Young players have laid foundations for a strong future with Norfolk CCC in 2015
- Credit: Tim Ferley
After a campaign of mixed fortunes, Norfolk CCC skipper Chris Brown looks back on the 2015 season with David Freezer – and is hopeful of 2016 improvements.
At first look Norfolk CCC may not appear to have improved much on last season – but captain Chris Brown feels his young side have laid the foundations for a strong future.
Finishing seventh in the Unicorns Minor Counties Championship and being knocked out of the Knockout Trophy in the quarter-finals matched the achievements of 2014.
Things could so easily have been much different however.
Losing by just 19 runs at Lincolnshire in the one-day quarter-finals and rain enforced three-day draws left Brown and his team frustrated at times.
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Yet encouraging first seasons for some young players and a much more settled side are just two of the reasons the Norfolk skipper is already looking forward to next season.
'We said you needed to be available for at least four Championship games and the team environment has been absolutely first class – and that's the main reason we wanted to keep the same group of players who have been available,' said Brown, as he reflected on the club's three-day campaign.
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'If you look at the last game of the season, at Lincolnshire, when had it not rained on the last day and in effect they were 35-5, I'm absolutely convinced we would have won, and so did everyone else who made the trip to Cleethorpes.
'We took 12 points from that game and that win would have got us another 11 points and that would have moved us up to sixth, which would probably have been a more realistic reflection of how we had played.
'You can't control the weather but we had dominated with bat and ball, and in the field, we completely outplayed them, so that was a shame.'
In total, Norfolk won one and drew three of their six league matches.
The victory came at the beginning of the annual Norfolk Festival of Cricket at Manor Park, when Hertfordshire were beaten with three wickets to spare – as Sam Arthurton blasted his way to knocks of 172 and 96.
'During the festival, the game against Hertfordshire we played really well, but we did come a bit unstuck against Suffolk at Copdock when we lost in the last over by two wickets, but that could easily have gone the other way,' Brown continued.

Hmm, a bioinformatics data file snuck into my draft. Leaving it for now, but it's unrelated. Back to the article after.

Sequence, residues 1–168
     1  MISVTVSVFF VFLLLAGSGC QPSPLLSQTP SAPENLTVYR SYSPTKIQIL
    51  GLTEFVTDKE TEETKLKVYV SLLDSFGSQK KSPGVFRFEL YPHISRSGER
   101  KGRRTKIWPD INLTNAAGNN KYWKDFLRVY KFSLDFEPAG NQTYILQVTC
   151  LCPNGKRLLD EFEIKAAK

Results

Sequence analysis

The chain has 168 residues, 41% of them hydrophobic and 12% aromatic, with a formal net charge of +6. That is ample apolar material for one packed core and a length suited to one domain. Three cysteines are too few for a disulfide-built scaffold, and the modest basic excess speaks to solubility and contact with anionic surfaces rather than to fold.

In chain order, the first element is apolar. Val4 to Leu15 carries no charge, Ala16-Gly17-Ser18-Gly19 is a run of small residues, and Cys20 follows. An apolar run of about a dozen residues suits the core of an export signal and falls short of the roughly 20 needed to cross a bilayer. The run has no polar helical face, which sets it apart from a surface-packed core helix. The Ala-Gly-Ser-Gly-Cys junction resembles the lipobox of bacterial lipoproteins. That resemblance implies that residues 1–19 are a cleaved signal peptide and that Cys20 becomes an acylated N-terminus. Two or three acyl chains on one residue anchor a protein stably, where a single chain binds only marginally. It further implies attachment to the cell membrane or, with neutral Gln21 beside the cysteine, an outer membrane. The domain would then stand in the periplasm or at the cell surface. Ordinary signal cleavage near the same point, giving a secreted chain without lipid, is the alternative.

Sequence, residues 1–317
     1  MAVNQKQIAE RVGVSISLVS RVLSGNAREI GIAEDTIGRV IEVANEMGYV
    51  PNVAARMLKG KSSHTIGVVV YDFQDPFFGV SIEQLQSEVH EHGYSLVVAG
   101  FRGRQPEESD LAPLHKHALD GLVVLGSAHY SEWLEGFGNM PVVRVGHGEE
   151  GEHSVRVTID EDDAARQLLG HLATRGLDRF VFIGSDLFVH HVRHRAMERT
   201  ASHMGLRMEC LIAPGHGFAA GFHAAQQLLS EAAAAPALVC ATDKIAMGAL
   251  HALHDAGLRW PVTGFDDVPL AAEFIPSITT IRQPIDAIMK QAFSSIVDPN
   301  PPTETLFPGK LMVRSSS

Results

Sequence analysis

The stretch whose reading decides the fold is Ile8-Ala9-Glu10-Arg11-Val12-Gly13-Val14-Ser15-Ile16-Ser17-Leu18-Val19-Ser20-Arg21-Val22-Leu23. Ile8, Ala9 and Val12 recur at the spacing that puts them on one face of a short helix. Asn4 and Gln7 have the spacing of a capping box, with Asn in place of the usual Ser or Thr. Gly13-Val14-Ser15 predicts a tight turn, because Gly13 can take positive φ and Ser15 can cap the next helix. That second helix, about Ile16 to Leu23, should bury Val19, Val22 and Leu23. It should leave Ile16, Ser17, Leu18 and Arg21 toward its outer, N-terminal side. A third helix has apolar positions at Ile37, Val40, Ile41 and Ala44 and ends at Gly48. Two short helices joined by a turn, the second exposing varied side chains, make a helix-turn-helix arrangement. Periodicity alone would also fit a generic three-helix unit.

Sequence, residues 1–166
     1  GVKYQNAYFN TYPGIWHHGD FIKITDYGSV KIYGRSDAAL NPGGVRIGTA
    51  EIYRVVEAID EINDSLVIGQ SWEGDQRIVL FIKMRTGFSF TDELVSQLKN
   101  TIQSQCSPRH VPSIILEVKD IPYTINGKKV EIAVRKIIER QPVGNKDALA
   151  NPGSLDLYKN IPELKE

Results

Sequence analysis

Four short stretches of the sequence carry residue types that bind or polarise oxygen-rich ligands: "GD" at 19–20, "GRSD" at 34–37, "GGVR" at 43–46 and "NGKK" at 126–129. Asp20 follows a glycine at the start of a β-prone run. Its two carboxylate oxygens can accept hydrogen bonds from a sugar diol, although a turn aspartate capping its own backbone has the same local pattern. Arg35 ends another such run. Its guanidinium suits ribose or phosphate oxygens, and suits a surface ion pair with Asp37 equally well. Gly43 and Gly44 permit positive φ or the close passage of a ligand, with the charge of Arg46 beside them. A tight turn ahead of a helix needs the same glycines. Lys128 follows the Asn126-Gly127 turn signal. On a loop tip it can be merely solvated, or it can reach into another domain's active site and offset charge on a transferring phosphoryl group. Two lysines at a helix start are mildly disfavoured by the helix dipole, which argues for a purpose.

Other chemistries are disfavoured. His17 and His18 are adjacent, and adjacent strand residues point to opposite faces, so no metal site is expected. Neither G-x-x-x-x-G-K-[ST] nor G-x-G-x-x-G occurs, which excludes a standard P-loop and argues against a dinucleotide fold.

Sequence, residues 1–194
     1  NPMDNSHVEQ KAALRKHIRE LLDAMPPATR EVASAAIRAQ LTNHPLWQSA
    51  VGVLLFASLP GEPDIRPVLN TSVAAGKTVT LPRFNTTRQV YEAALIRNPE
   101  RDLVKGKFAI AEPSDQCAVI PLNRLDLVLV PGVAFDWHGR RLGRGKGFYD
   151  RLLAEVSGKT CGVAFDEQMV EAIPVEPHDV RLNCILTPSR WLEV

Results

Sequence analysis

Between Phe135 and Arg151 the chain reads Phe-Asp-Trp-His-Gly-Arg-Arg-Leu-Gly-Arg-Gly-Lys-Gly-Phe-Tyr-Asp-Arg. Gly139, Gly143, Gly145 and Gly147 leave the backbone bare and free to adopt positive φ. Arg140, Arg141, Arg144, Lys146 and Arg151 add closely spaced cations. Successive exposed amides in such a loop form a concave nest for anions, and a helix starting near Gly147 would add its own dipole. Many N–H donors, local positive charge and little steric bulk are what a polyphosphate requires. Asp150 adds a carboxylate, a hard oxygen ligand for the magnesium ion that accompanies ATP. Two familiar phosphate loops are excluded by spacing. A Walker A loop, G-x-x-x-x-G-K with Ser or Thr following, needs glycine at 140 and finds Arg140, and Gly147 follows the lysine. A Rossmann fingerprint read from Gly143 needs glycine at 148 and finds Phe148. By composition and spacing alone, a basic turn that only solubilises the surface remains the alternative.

'And then against Cambridgeshire we made a fantastic effort when Jimmy Hale made 86 not out, on a turning pitch, after they had set us a total of 320.
'To end up 18 runs short was a really good effort and I think this current group of players moving forward is really going to be the shape of the team for the county for the next five or 10 years.
'People like Adam Todd, who was new this year, Brett Stolworthy, Jordan Taylor and Jimmy Hale are the future for the team, so the signs are good.'
The one-day season saw a five-wicket defeat to Hertfordshire recovered by victories over Bedfordshire and Cambs to finish second in Group Two and progress to the knockout stages of the Unicorns Trophy.
'The first game we played, at Hertfordshire, we lost and we weren't at our best but we fought back well to qualify again for the quarter-finals – which makes it three years in a row we've reached that stage,' continued the Horsford off-spinner.
'It was a bit disappointing at Lincolnshire in the quarter-finals, on a really cold, wet day, not that it is an excuse, but the ball was wet during the time we were in the field and we had to get on with it.
'Sam Kelsall is a former England Under-19 player and he really made the difference for them on the day (scoring 73 with the bat and taking 3-43).
'We played okay after winning the toss and going against our natural instincts and having a bowl first because the pitch was damp and then from about the 15th over we were stood in the field in drizzle.
'So we were disappointed in one aspect but it was the third year running to get that far in the competition so it was good to make the quarter-finals again.
'You could argue that we were a lot closer to going on this year than the poor performance at Wiltshire (in the quarter-finals) last year, because we were only 19 runs short of beating Lincolnshire, but certainly there is still room for improvement.'
Great Witchingham's James Spelman was Norfolk's top-scoring batsman in the one-day format with 248 runs in his four matches, drawing praise from his skipper.
'James Spelman has improved his one-day game a lot,' Brown added. 'Obviously he's a brilliant three-day player and he's worked at his one-day skills and is certainly playing spin a lot more freely in the shorter format.
'He was consistently getting good scores all the way through the season, backed up by Sam Arthurton and Garry Park, and some useful runs from Jordan Taylor and Ben France.'